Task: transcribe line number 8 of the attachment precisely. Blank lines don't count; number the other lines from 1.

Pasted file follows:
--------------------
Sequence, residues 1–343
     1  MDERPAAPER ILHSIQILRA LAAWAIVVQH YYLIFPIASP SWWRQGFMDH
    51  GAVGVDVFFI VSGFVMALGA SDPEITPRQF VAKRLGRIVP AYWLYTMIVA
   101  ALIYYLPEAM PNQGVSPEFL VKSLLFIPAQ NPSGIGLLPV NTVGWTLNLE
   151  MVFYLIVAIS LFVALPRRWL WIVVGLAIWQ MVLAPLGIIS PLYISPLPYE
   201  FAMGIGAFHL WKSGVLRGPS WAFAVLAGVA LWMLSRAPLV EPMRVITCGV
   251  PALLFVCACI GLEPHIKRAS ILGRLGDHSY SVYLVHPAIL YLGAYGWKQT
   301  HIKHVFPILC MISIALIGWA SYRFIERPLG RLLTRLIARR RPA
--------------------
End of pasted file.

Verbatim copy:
   301  HIKHVFPILC MISIALIGWA SYRFIERPLG RLLTRLIARR RPA